Northern Ireland local group meeting: Probabilities for rare events

The Northern Ireland local group of the RSS held a meeting on Tuesday, Feburary 4 2020 at 1pm in 6 College Park Ave, Queen's University Belfast. The speaker was Professor Jonathan Rougier, Independent Consultant, UK.

This talk was certainly topical given the recent White Island tragedy in New Zealand. The context that Professor Rougier was concerned with was that of the subject matter expert and the statistician providing a Hazard Assessment for the Risk manager. A recurring technical theme would be needed to make minimal model assumptions. For example, even the apparently innocuous Poisson assumption involved the notion of n independent random variables with a common continuous distribution function.

Figure 1: Explosive eruptions in Indonesia, the Philippines and SE Asia (IPSEA) since 1600.

Jonathan's idea was to weaken this approach by considering exchangeability in ranks (EiR). We were first asked to consider history of volcanic eruptions of length h units and a future of length f units. Jonathan presented the probability function PR (X1 = x; j, h, f) =: w(x; j, h, f), yielding the probability that X= 'the number of future events which are larger than the jth largest historical event,' obtained under the exchangeable in ranks (EiR) assumption. The formula (omitted here) was not new, having first appeared in Gumbel and von Schelling (1950), in a rather different form. Importantly, the key exceedance probability (f(s) := Probability of at least one event larger than s int he next f years, could be estimated as 1 – w(0; j, h, f), where j = n-i-1 for i=1,...,n under EiR. He illustrated the use of 10-year exceedance probabilities by means of a graph (figure 1) which shows that there is about a 10% chance of an explosive event exceeding Agung (c2.5 Gt) int he next 10 years somewhere in IPSEA.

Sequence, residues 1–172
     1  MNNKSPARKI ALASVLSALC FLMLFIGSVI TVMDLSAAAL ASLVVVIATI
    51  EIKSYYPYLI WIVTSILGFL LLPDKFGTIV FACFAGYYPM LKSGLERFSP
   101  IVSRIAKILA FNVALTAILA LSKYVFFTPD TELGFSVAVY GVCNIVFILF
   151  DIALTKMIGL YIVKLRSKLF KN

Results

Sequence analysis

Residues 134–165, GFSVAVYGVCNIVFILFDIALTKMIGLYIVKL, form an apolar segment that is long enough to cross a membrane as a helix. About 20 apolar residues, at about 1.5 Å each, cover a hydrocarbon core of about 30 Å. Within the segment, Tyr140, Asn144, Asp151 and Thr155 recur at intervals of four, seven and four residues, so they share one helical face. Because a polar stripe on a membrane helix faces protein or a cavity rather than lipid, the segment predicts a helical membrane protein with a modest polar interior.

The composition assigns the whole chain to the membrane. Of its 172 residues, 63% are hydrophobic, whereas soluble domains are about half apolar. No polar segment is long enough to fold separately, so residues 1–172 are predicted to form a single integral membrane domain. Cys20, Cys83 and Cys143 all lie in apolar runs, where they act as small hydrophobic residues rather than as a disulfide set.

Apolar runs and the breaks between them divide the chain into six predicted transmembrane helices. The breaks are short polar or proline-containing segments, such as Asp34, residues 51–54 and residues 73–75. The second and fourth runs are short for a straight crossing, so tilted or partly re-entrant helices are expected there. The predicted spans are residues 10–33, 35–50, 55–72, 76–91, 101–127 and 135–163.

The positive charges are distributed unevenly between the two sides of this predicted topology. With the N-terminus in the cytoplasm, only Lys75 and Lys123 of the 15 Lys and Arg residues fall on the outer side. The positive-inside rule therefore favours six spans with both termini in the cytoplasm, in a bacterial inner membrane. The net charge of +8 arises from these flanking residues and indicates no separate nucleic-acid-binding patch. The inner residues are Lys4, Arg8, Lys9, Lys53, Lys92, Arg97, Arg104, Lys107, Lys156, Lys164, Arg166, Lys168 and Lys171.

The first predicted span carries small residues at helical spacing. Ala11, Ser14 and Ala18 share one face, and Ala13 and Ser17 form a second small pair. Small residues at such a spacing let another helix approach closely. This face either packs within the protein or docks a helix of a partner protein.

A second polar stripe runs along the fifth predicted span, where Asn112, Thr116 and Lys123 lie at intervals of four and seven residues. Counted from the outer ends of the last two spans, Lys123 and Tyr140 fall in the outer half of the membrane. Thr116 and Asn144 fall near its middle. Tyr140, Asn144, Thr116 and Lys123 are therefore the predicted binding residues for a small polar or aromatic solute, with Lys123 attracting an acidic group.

Professor Rougier went on to develop the EiR methodology in some detail, explaining that it offered a more general modelling framework with weaker assumptions than classical approaches. He developed a significance text for k-EiR methods and computed its power, which unfortunately was low with the histories available. He defined confidence anew as 'The smallest set of contiguous Exceedance Probability (EP) values containing at least 95% of the probability is the δ-year 95% prospective (confidence) interval for the f-year EP at the ith ordered explosion size, s(i), in the history.'

This was a very innovative talk extolling the virtues of new methodology designed to relax the stricter assumptions made by classical methods. It was very worthwhile and very well-received by a small but attentive audience. Professor Rougier dealt with questions on the effect (if any) of geographical units of differing sizes and with defining alternatives to k-EiR which in the talk were only restricted to (k –1)-EiR. When the questions died out Professor Rougier was thanked again by all those present.

Written by Professor Gilbert MacKenzie, Northern Ireland local group
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